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"Part of the challenge with the existing companies is that their focus – where they’re placing their very best talent – is where their existing dollars are coming from. So if you think about an EA or an Activision, the dilemma is that they’re making billions of dollars from existing franchises. It would take an incredibly brave company to move their talent from these massive franchises and put them onto a new platform."

YES! Watch this.

Designing for Youth - Making Games for Players Under 14 - Extra Credits (by Extra Credits)


"You can see in Google Glasses a certainty that something must be next. There’s going to be a new disruptive technology and they’re gonna find it and put ads on it."

Why Google Glass Is So Bad and Hated and Will Never Work (via iamdanw)

(via buzz)

"It’s true that a few companies—Disney, say—have been able to consistently ride the Zeitgeist. But King has the misfortune to be in an industry where this is especially difficult, simply because it faces so much competition. “With traditional industries, it’s typically very expensive to get into them, and very expensive to actually make a product,” Michael Cusumano, a professor at the M.I.T. Sloan School of Management, told me. “But, with software, marginal costs are close to zero. That makes it easy for new competitors to enter the business.” Disney flourished not just because of creative genius but also because, historically, animation was incredibly labor-intensive and costly, and few companies could afford the distribution network and marketing operation necessary to get films in front of millions of people. Such high barriers to entry still exist in Hollywood or in traditional video-gaming. Only companies like Marvel or Activision can afford to make The Avengers or Call of Duty. Even then, things are chancy—that’s why studios love sequels—and failure is an ever-present threat. The company Harmonix, which launched Guitar Hero and Rock Band, games that in their day were as huge as Candy Crush, ended up being sold, after a few years, for fifty bucks and a pile of debt."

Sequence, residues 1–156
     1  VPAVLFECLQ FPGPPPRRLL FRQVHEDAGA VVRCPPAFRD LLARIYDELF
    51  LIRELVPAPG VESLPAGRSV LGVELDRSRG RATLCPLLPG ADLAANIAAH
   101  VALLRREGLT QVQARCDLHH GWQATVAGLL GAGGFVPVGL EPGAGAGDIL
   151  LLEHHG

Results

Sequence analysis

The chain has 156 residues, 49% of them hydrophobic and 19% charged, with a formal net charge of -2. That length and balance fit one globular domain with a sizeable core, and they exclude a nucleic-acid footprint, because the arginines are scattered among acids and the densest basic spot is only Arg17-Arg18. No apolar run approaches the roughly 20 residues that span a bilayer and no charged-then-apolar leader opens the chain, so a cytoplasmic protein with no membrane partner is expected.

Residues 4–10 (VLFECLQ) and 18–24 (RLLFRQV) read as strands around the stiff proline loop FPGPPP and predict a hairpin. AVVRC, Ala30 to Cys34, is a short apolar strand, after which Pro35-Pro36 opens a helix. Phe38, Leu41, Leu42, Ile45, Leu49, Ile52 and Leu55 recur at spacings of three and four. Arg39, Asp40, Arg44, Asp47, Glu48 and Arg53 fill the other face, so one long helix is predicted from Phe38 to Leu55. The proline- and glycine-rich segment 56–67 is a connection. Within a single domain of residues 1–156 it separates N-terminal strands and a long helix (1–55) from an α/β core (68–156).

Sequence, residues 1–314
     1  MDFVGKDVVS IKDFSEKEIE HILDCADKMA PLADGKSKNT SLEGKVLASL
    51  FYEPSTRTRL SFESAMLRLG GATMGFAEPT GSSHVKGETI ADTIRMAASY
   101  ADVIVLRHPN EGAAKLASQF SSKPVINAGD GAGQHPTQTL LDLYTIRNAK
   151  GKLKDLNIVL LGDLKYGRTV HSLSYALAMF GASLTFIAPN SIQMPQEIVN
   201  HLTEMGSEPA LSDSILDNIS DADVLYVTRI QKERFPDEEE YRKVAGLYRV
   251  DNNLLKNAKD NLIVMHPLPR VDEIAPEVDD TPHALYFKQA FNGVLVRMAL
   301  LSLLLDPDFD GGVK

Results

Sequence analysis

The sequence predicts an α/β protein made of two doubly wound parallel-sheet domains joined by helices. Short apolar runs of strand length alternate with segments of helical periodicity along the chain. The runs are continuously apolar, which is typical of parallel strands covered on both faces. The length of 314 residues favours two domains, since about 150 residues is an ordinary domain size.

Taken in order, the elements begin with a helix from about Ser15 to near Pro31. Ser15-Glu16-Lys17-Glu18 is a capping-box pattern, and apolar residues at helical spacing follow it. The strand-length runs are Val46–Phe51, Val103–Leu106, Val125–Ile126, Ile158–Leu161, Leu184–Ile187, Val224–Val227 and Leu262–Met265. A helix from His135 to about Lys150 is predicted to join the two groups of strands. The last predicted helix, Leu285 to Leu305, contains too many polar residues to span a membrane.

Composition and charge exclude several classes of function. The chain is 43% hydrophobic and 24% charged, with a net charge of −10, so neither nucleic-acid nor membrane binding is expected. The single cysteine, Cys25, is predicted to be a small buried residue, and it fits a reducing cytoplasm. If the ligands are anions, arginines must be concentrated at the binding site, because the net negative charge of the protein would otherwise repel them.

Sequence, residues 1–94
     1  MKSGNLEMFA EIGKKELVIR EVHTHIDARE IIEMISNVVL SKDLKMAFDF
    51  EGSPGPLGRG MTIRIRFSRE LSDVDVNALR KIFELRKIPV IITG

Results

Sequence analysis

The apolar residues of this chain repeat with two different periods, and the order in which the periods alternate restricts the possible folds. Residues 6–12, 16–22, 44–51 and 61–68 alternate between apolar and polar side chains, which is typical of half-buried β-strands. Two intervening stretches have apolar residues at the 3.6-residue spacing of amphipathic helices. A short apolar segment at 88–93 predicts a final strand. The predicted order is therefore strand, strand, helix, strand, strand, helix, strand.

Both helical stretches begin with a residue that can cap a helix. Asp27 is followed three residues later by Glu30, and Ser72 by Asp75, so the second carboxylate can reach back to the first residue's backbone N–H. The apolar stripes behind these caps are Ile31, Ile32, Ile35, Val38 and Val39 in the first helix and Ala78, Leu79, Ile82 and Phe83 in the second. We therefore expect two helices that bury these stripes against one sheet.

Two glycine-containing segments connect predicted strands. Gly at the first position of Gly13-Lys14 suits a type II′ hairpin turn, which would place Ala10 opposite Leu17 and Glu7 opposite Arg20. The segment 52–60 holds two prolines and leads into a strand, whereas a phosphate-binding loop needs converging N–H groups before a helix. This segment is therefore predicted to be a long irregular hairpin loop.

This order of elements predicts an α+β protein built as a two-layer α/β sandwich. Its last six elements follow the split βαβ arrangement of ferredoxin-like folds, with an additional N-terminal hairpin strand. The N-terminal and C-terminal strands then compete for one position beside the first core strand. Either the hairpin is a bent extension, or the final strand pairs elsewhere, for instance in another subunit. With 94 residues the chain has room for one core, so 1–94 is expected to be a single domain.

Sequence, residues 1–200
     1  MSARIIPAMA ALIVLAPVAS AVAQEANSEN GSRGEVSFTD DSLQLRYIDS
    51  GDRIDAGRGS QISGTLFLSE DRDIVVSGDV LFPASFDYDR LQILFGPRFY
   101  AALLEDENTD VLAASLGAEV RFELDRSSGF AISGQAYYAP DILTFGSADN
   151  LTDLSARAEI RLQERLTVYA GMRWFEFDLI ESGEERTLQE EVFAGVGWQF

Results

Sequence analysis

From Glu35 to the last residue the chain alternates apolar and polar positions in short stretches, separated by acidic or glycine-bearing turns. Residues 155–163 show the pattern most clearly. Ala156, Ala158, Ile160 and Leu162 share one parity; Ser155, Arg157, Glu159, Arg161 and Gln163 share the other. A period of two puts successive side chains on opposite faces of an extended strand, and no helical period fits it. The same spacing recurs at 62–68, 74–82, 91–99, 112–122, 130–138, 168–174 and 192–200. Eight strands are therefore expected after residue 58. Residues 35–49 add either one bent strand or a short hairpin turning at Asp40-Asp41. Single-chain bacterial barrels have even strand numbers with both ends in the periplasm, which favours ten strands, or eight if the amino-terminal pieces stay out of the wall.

James Surowiecki: What’s Next for the Makers of Candy Crush Saga? : The New Yorker


Finally bought myself a Makey Makey. Looking for inspiration, I found this. It might be one of the coolest applications I’ve seen.

KARAOKISS - Milka (by Milka España)


Created by students as part of the Science Fiction to Science Fabrication class, the initial prototype involves a specially-wired print version of James Tiptree Jr’s novella The Girl Who Was Plugged In. Each page features a small metallic ink dot that forms part of a circuit to determine where readers are in the story. The cover of the book is also studded with LEDs that change color to provide a visual ambience in line with the narrative. Readers also wear a harness, equipped with vibration pads to influence their heart rate, airbags that inflate to give the sensation of restriction or release, and heat strips to raise the readers’ temperature. Each sensory addition is designed to augment the emotions conveyed by the story. The video below shows the system in action:

(via Augmented book enhances the story with tactile sensations | Springwise)

"Working on a part-time, not-for-profit project may seem crazy for a small start-up. After all, shouldn’t we be spending all our time hacking away on our core prototype, so that we can bootstrap more quickly? Perhaps that’s a recipe for success in other companies. But for us, it’s actually proved to be one of the most fulfilling parts of working at Funomena – energizing and uplifting us in ways we never expected."

Giving Back | Funomena